Expectations are high for the spring meeting of the United States Conference of Catholic Bishops in Dallas, Tex. Priests, bishops and laity hope that the meeting will resolve the credibility crisis that has afflicted the church since the latest round of sexual abuse scandals exploded in Boston. The media will be out in force, ready to pass judgment on whether the bishops meet expectations.
There is a danger that, as with the meeting of the cardinals in Rome, expectations will be unreasonably high. The three-day June meeting must be seen as part of a process of solving this crisis, not as a silver bullet that will lay it to rest. Any successful church reform must take place on at least three levels: policy, structure and attitude.
Policy. The bishops must apologize to the victims for the dreadful actions of abusive priests and negligent bishops. No more passive-voice responses written by lawyers, like “mistakes were made.” What the victims and the rest of the church need to hear is a truly Catholic response: “We confess to almighty God, and to you, our brothers and sisters, that we have sinned through our own fault in our thoughts and in our words, in what we have done, and in what we have failed to do.”
Second, as “penance” and to show their “firm purpose of amendment,” the bishops must commit the church to “a preferential option” for all victims of sex abuse, including those who have suffered from priests. For the foreseeable future, every church entity (parish, religious community, diocese, Catholic Charities and so on) must ask itself: what are we doing to mitigate the epidemic of sex abuse in our country; what are we doing to help victims?
Third, it should be national policy that every allegation (no matter how flimsy) of sexual abuse of a minor by a church worker will be turned over to the police. It will be up to the police to determine the credibility of the allegation.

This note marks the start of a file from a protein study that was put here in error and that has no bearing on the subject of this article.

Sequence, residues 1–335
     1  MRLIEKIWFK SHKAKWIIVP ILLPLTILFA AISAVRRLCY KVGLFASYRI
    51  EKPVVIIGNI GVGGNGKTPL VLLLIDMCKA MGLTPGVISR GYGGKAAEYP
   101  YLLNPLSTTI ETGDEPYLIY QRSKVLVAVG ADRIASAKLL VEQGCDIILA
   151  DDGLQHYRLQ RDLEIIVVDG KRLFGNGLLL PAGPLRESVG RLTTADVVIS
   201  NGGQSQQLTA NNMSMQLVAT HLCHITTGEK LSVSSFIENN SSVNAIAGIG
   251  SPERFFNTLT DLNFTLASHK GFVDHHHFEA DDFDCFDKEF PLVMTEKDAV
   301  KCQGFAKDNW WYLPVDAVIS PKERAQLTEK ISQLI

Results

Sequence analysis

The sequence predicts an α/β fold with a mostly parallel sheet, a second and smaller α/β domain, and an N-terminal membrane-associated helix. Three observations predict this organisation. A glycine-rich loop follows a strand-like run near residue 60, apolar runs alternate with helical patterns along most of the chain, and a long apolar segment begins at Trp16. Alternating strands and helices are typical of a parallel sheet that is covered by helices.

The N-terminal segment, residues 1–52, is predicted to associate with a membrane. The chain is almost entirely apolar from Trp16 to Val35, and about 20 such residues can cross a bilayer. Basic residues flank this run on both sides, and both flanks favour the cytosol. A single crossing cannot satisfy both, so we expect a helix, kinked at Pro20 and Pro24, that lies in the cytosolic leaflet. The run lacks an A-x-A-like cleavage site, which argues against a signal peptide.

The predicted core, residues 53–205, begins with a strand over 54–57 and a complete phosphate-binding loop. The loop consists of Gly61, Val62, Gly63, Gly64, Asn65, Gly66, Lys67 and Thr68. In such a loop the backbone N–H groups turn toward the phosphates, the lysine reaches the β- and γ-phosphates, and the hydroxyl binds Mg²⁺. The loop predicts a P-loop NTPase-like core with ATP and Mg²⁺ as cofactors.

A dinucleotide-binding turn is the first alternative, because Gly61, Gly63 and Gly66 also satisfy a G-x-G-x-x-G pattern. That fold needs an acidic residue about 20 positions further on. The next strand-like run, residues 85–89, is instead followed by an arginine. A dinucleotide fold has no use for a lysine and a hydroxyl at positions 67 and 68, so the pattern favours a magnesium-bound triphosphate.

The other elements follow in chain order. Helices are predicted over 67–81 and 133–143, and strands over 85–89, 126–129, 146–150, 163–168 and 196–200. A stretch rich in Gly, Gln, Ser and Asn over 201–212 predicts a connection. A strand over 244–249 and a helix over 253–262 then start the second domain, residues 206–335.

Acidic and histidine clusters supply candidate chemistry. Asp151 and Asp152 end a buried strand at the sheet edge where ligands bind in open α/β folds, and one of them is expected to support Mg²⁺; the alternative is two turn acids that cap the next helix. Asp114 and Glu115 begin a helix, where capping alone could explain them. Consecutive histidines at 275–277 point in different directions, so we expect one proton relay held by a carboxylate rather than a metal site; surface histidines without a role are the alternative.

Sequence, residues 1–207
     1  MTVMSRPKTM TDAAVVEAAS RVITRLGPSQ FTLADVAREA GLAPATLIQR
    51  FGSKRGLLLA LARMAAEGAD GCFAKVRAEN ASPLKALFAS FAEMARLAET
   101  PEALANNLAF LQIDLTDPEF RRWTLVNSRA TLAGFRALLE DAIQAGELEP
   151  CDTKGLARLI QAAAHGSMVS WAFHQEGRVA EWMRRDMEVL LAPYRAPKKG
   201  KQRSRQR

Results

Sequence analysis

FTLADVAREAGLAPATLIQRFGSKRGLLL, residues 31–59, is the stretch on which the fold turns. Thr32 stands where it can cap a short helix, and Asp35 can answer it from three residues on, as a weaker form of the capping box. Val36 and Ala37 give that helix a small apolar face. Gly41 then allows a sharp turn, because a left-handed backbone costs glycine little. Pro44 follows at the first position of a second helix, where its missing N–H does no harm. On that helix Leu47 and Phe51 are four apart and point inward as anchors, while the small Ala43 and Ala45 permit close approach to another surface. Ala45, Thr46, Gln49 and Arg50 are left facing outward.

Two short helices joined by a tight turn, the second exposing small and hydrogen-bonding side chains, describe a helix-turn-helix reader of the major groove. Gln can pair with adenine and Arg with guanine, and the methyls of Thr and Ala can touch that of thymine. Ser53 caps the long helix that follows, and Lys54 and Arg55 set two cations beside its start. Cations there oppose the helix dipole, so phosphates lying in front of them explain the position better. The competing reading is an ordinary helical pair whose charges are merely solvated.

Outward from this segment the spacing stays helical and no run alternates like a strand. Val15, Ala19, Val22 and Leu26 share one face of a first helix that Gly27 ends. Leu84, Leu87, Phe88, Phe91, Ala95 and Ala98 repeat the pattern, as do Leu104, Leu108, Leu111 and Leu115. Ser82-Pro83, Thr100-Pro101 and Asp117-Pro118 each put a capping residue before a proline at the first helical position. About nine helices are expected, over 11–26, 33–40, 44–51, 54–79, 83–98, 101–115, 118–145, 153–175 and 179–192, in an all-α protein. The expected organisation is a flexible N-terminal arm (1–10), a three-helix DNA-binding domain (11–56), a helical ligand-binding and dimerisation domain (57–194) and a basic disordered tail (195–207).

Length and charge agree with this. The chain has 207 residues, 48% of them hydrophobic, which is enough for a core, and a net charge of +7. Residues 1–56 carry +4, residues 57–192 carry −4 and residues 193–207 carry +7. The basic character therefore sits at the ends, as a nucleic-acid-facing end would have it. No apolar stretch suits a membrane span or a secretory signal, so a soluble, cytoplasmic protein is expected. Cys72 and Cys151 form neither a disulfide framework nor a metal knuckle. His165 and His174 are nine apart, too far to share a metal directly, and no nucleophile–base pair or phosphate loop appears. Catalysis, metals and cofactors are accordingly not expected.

Fourth, it should be national policy that no priest guilty of abusing a minor should be in priestly ministry. Any exceptions to this policy should require the approval of a lay board and public disclosure of the priest’s past to any community to which he ministers. Secrecy and decisions by bishops alone must end.
Fifth, the bishops should sponsor an anonymous survey of the sexual orientation of priests and seminarians, and the results should be made public. No homosexual priest should be forced out of the closet, but it is time to stop the speculation about the percentage of homosexual priests and get the facts so that the church can respond appropriately. Homosexual priests and seminarians should not be scapegoats for this crisis, but open discussion is needed about the challenges and gifts of homosexual priests.
Structure. Policies on paper are not enough. Structures are needed to make sure that these policies are implemented. For example, although all allegations should be turned over to the police, the church must step in when the police refuse to investigate because the statute of limitations has passed or because there is insufficient evidence. Civil authorities will rarely clear a priest; they will simply say there is not enough evidence. That is not enough for the church. Diocesan lay boards are needed to review and investigate allegations of clerical misconduct. Members of these boards will need education and training, as will human resource personnel in church organizations.
Old structures, such as diocesan and parish pastoral councils, also need to be revivified and taken seriously by both clergy and laity. This will take time and effort. As one wag said, “the trouble with democracy is that it takes up too many evenings.” These councils should also have the right to set their own agenda with no topic off the table.
Attitudes. Just as important as policies and structures are attitudes. For most of its history, the U.S. church has not suffered from the anticlericalism that has afflicted Europe. Anticlericalism is now exploding on the U.S. scene from both the right and the left. Conservatives are tired of churchmen telling them what to do on political issues like capital punishment, welfare reform and military policy. Academia is up in arms over the mandatum, censorship and the silencing of dissenters. Feminists are upset over patriarchy, sexist language in liturgy and exclusion from the priesthood. Homosexuals feel they are under attack. Married couples don’t think the clergy understand birth control, and the divorced feel excluded. Priests (who can be anticlerical too) feel their views are ignored in the appointment of bishops and on optional celibacy.
While many of the attacks on the bishops are unfair and motivated by pent-up anticlericalism (and anti-Catholicism), bishops and priests have no choice but to listen humbly and respectfully to the laity. They must acknowledge and understand the anger that is out there in the pews. They must listen as much as they speak.